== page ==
- Teaches one to win, and to lose: Chess is like many games, you win and you lose. And because it’s a one on one match, there’s no finding excuses: if you win, it’s because you played better, if you lose, you have some adjustments to make. But more importantly, kids quickly learn to be humble in victory and resilient in defeat, as winning or losing is a frequent occurrence in chess tournaments (7 to 9 games can be played in a single afternoon).
- Improve risk management: Once you know main chess principles, it’s a lot about prioritization and risk management. It isn’t rare to consider such statements “Is it worth trading my rook for his knight, granted I’ll open his castle ? Or should I support and push my passed pawn to get a new queen ?”
Chess clearly applies in real life skills, almost like a logic philosophy, and has been proven countless times to improve grades, social and logical skills, especially among the young population.
5 Fun Facts About Chess
- Chess used to be called “Chaturanga”. Back then, bishops used to be elephants and moved differently.
- In French, bishops are actually called “fou” which literally translate as “crazy”
- The first chess computer ever was actually a hoax : a strong player was hiding in the machine and was fooling spectators using a magnet system, making it seem the computer was magically moving pieces.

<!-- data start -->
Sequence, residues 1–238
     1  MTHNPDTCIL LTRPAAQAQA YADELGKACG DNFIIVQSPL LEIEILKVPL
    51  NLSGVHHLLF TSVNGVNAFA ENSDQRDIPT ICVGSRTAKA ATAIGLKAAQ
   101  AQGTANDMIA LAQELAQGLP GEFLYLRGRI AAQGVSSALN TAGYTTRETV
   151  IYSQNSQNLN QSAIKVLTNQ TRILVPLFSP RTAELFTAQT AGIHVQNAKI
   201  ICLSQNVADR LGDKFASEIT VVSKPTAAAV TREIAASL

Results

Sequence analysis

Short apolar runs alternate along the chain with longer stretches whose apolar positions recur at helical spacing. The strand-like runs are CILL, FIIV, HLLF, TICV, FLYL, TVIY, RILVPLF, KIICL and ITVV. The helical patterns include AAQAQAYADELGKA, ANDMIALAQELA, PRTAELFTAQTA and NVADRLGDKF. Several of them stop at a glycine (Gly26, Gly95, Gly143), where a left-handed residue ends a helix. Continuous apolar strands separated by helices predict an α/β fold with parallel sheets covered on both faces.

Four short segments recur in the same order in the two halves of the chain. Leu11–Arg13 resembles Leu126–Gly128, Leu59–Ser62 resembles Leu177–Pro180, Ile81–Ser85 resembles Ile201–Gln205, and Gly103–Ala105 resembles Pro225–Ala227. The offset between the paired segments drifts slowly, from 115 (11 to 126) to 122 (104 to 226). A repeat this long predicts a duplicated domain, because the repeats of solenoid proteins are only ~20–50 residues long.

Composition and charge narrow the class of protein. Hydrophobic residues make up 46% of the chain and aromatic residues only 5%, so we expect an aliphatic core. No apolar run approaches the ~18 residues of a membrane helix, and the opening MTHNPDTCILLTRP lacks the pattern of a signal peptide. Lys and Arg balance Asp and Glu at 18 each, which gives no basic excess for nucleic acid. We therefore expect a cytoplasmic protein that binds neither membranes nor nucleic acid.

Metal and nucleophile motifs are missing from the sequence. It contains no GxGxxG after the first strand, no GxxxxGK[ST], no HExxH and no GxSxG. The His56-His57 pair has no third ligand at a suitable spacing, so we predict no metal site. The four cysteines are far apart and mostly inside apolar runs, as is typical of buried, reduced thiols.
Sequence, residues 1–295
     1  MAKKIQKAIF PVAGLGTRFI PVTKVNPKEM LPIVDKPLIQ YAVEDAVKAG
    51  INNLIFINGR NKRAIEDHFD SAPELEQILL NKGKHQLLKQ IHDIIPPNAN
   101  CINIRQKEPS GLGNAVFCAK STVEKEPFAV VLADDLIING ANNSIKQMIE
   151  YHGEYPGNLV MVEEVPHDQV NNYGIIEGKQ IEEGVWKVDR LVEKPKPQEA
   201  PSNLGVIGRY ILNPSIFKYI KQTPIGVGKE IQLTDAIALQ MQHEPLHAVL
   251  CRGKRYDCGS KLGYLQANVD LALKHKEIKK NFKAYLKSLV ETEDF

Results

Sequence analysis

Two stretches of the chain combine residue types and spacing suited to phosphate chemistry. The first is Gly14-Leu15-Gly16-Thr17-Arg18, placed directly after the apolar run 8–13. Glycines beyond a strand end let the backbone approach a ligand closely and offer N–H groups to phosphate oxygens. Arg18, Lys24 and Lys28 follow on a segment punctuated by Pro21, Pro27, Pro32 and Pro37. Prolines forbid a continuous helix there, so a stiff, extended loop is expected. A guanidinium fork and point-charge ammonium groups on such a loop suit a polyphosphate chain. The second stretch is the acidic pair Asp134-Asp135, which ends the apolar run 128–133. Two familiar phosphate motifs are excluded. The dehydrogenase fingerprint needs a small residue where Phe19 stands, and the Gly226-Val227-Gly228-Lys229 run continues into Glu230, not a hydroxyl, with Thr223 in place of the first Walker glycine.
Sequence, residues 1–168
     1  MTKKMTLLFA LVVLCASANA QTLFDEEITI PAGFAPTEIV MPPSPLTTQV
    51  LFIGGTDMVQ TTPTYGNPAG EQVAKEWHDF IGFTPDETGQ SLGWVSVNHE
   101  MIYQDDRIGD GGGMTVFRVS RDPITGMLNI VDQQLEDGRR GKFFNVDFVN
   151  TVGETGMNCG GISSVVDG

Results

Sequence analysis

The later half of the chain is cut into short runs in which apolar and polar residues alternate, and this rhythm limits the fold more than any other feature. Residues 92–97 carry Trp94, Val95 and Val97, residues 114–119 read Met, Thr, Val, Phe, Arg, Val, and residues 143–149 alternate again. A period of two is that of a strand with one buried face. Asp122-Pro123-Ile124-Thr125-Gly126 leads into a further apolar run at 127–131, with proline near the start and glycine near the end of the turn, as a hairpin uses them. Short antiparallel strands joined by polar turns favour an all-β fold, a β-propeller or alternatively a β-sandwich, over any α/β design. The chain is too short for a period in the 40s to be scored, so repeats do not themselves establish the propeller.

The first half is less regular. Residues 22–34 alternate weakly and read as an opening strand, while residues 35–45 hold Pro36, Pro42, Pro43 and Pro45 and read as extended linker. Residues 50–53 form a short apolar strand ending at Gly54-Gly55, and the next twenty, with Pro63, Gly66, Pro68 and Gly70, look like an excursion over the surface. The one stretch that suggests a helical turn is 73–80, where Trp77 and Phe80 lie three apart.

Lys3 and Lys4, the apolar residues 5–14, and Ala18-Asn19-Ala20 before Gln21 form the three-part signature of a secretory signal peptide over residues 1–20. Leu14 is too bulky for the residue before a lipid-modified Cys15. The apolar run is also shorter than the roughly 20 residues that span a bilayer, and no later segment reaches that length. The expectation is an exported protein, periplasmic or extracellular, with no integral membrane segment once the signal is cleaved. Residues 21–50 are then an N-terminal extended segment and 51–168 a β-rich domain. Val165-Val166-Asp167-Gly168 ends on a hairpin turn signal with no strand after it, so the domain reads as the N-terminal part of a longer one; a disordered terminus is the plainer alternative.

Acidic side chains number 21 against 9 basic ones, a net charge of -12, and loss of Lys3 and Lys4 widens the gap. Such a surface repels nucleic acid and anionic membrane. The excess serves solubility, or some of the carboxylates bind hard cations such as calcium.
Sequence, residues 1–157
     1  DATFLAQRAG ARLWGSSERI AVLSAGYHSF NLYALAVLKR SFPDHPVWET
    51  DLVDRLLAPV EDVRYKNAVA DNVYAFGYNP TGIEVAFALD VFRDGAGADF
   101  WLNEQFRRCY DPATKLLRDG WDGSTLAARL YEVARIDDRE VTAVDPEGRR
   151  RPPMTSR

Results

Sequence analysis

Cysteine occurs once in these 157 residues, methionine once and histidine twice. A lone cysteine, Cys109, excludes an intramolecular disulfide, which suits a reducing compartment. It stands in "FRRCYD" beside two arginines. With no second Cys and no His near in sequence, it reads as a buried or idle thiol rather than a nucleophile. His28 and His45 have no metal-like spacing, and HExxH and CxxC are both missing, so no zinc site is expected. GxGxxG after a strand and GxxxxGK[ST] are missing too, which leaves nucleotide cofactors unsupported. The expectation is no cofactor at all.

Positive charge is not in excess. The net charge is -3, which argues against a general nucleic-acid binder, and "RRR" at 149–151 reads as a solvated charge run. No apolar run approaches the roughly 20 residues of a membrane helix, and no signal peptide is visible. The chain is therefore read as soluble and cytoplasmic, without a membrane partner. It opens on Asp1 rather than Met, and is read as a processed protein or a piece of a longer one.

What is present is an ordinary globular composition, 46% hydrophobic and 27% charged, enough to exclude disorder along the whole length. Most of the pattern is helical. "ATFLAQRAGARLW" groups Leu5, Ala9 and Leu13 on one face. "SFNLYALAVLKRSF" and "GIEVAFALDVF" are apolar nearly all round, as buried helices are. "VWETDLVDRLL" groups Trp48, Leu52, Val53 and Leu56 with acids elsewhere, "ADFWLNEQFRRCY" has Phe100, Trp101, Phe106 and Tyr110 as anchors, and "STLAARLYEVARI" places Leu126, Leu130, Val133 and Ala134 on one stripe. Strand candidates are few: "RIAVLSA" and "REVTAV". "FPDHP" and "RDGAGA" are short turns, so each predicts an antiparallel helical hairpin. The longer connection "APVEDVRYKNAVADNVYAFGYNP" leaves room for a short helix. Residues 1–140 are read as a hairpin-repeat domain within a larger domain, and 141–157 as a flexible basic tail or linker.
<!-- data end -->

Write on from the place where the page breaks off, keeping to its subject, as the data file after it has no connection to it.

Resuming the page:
- Some chess grand masters are able to play up to 20 games at the same time …. Blindfolded !!!
- An old legend states a king was saved by a farmer, and the king offered any request as a thank you. The farmer asked to get one drop of wheat on the first square of the chessboard, then 2 on the 2nd square, 4 on the 3rd one, and to double it up everytime until the 64th square. The king laughed at how few was requested and accepted, but little did he know, he led the kingdom to bankruptcy… Indeed, the total number of grains equals 18,446,744,073,709,551,615 !!
5 Ideas to Improve Your Chess Game in Bangkok
- Watch free content on Youtube (Eric Rozen, Gotham Chess..), or take lessons on Lichess (free chess platform). So many great and free lessons can be found for all levels.
- Check with your school, they might very well have a chess activity !
- Start by working endgames, then middle game tactics, and at last openings. It might seem strange, but the truth is, how good is it to get a good start if you’re unable to finish the game ?
- Enter free online tournaments. There’s no such thing as practice, and if you can accept defeat easily, it is guaranteed you’ll improve in a heartbeat.
- And the most important part, analyze your defeats. It’s not the most fascinating/exciting, but definitely up there when it comes to getting better. It can sometimes help to analyze with the help of a computer, but we recommend better the help of a strong player.
Editors Note: Sébastien is a 32 years old French chess teacher, and is the founder of Happy Pawn Chess Club in Bangkok, which was created to make chess fun for kids. He’s a 3 times team high school French champion, and he’s been teaching chess to kids for over 10 years.
Website : https://www.happypawnchess.com/
Facebook : Happy Pawn Chess Club
WhatsApp : +66 62 363 6695